Boost as children lend a hand during coronavirus
At the start of the planting season, Lily Langat, 41, was busy sowing maize with her husband and four of their six children on their family farm in the remote village of Kaptich.
As cases of Covid-19 rise in Kenya, the government has taken measures to control the spread of the new coronavirus by closing schools and universities, and restricting people's movements.
“Though my children aren’t in school, they are really very resourceful during this time, mostly helping us on the farm,” Langat said in a phone interview.
The area where they live in west central Nakuru County belongs to the productive Great Rift Valley, which has fertile soil and generally reliable rainfall that favours agriculture.
The family depends on farming maize, potatoes, beans and vegetables on their five acres (2 hectares) of land, as well as livestock rearing.
In the short growing season, Langat earns a profit of Sh40,000-Sh50,000 ($400-$500) from selling her produce, with which she pays high-school fees for her four daughters.
Unesco, the UN agency in charge of education, has estimated that more than nine out of 10 learners, from schools to universities, in 192 countries have seen their establishments closed due to the coronavirus pandemic.
For now, many parents welcome the additional help from their children.
Daniel Langat, Lily’s husband, said this year’s maize planting had been a success as it was done quickly and they didn't need to spend much on labour, thanks to their children.
Each season, he pays out Sh10,000 per acre for additional labour - but this time he plans to use that money to buy books and other items for his children when schools reopen.
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Gilbert F. Houngbo, president of the International Fund for Agricultural Development, said that in Africa's rural areas, children tend to help their parents with farming activities - and it could be seen as positive in the current circumstances.
But he warned such practices may increase child labour, and harm young people's education if they continue longer term.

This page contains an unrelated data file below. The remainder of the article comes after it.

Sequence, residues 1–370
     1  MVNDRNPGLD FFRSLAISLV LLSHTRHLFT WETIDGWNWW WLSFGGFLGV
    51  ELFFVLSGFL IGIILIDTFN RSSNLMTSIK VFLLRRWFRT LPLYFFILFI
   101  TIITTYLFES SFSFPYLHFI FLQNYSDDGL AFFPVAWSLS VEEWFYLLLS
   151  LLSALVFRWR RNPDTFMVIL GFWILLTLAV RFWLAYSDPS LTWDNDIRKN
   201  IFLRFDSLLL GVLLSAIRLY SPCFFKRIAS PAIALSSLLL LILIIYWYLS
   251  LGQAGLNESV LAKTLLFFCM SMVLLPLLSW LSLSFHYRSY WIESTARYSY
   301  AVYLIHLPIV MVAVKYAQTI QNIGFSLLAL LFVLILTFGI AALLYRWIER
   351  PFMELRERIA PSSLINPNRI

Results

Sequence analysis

"The danger is that once the (Covid-19) crisis is behind us, the risk of some of the children not going back to school becomes higher," he said.
So far, the Covid-19 control measures imposed by the government are mostly affecting urban areas, residents said.
Dorothy Achieng', a mother of four boys who is a casual domestic worker living in Kibera slum in the capital Nairobi, said her daily hustle for chores was badly affected.
“I’m so worried about how life is treating us now - getting food is a challenge," she said in a telephone interview.
Staying at home with her children out of school makes daily life more expensive, as she has to give them lunch, stretching her budget. She also worries they have little to occupy them.
“It is very difficult to contain them indoors, so I fear they might be exposed to anti-social behaviours such as drug abuse," she added.
Alexander Owino, a Nairobi-based independent financial analyst, said severe disruptions to transport and supply chains from the coronavirus restrictions would deal a blow to economically fragile city populations such as street vendors.
“Covid-19 will hit the incomes of the informal sector with a demand-side shock arising from the near-collapse of purchases from customers,” he said.
Back in rural Kenya, Langat explained how her family is following government directives to combat the virus. Her husband has installed containers for hand-washing around the farm.
And learning has not stopped for her children, who work on the land until 2 pm, then go indoors to listen to educational programmes broadcast on the radio and study, she added.
“In the evening hours, I ensure that the children also have time to study (and) do their school assignments," she said, adding the family has solar panels to provide light and power.
According to a report this month from the International Food Policy Research Institute (Ifpri), which highlighted the key role of rural farming in tackling hunger, over 60 per cent of people in low-income countries are employed in agriculture, and more than 70 per cent of farm units in Sub-Saharan Africa are smallholdings.
James Thurlow, a senior research fellow at Ifpri, said family farms become even more important for workers in Africa in hard times, both as a source of employment and a safety net.
“Agriculture is less directly affected by (coronavirus) lockdown policies, thus acting as a means of avoiding higher food insecurity and poverty,” Thurlow told the Thomson Reuters Foundation in emailed comments.
Most African countries have exempted agricultural production from lockdown. In Kenya, for instance, the government has encouraged farmers to carry on with their work and keep food supply chains functioning.
Agriculture CS Peter Munya said the supply of staple commodities must be maintained, and produce transported to where it is needed most.